Goroawase: Japanese Number Puns


On November 8th 2011, the junior high school conducted a special “Dental Heath Day”. This seemed to me like a rather arbitrary time to emphasize dental health, as important as it is. But Vice Principle Tanaka explained to me that the day hadn’t been selected completely at random. This particular date was chosen using goroawase (語呂合わせ).

Goroawase (語呂合わせ) is a form of Japanese word play in which the pronunciations of numbers are used to make homophonic words of various convenient meanings. It is essentially a vast world of number puns, and it’s very commonly used. The most prevalent use of goroawase is as a mnemonic device for handy memorization of phone numbers. Pretty much all advertisements that include a phone number utilize this type of pun-ishment.

What makes goroawase convenient is its flexibility, and this comes from the multiple pronunciations for numbers found in Japanese. Japanese contains two ways of pronouncing any particular kanji, called kun’yomi (訓読み – native Japanese reading) and on’yomi (音読み – reading borrowed from Chinese). This is the reason why learning kanji is so frustratingly difficult, but it also makes the creation of puns easier. In addition to the dual pronunciation thing, the Japanese language has also added tons of words from English in recent history, so Engurish terms can be used as well. (I say “Engurish terms” because while these are the numbers you’re familiar with, they’re usually spoken in a Japanese accent, which changes the pronunciation a bit.)

To make it easy, I’ve prepared a reading chart for you, complete with both kana and romanji:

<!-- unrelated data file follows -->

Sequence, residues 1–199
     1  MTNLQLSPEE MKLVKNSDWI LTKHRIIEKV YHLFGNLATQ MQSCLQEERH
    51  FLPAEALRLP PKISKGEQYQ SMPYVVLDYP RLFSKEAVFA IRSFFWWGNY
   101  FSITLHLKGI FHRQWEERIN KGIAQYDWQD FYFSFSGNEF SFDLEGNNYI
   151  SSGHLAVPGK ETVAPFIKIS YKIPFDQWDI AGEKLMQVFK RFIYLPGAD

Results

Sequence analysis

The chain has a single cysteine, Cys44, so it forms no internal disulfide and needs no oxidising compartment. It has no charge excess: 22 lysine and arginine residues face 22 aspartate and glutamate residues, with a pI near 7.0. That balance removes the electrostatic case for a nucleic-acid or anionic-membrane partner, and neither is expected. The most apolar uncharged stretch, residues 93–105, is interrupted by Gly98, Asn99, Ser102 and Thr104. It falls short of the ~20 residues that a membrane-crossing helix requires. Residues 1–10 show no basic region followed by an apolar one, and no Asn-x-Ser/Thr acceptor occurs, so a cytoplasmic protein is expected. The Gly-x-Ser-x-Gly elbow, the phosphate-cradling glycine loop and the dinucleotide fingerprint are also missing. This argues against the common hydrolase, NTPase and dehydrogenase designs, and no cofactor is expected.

No. Kun’yomi Reading On’yomi Reading From English
0 maru, ma →まる, rei, re →れい, o, zero, ze→,ゼロ,
1 hitotsu, hito, hi →ひとつ,ひと, ichi, i →いち, wan→ワン
2 futatsu, fu, futa  →ふたつ,ふ,ふた ni → tsū, tū→ツー,トゥー
3 mitsu, mi →みつ, san, sa →さん, surī→スリー
4 yon, yo, yotsu →よん,よ,よつ shi → fō→フォー
5 itsutsu, itsu →いすつ,いつ go, ko →, faibu, faivu→ファイブ
6 mutsu, mu →むつ, roku, ro →ろく, shikkusu→シックス
7 nana, nanatsu, na →なな,なつ, shichi →しち sebun, sevun→セブン
8 yatsu, ya →やつ, hachi, ha, ba →はち,, eito→エイト
9 kokonotsu, ko →ここのつ, kyu, ku →きゅう,


10 tō →とお ju, ji →じゅう, ten→テン


The most noticeable use of goroawase has to be “3-9”. When said as “three nine”, as opposed to “thirty-nine”, these numbers are pronounced “san kyu”. To the ear of a Japanese speaker, this sounds exactly like “thank you”.

So back to the November Dental Health Day, it breaks down like this:

November 8th → 11/8 → 1, 1, 8 → い, い, は→ いい歯→ “good teeth”, hence Dental Health Day

And there’s also this one:

June 4th → 6-4 → むし→ 虫→ “bug” or (in the context of teeth) “cavity”, another Dental Health Day

One for use at the grocery store:

The 29th of the month → 2, 9 → にく→ 肉→ “Meat Day”, meat is cheaper at the store

And another school day of note:

July 10th → 7, 10 → な とお→ 納豆→ “Natto Day”, or in my opinion, “Disappointing Lunch Day”

This place is called “Hanaten”. (Ha – 8, na – 7, ten…well, you know.)

It’s helpful to familiarize yourself with goroawase, as it’s everywhere in Japan. Then the next time an advertisement cleverly uses this convention in their phone number, you can finally be in on the joke.

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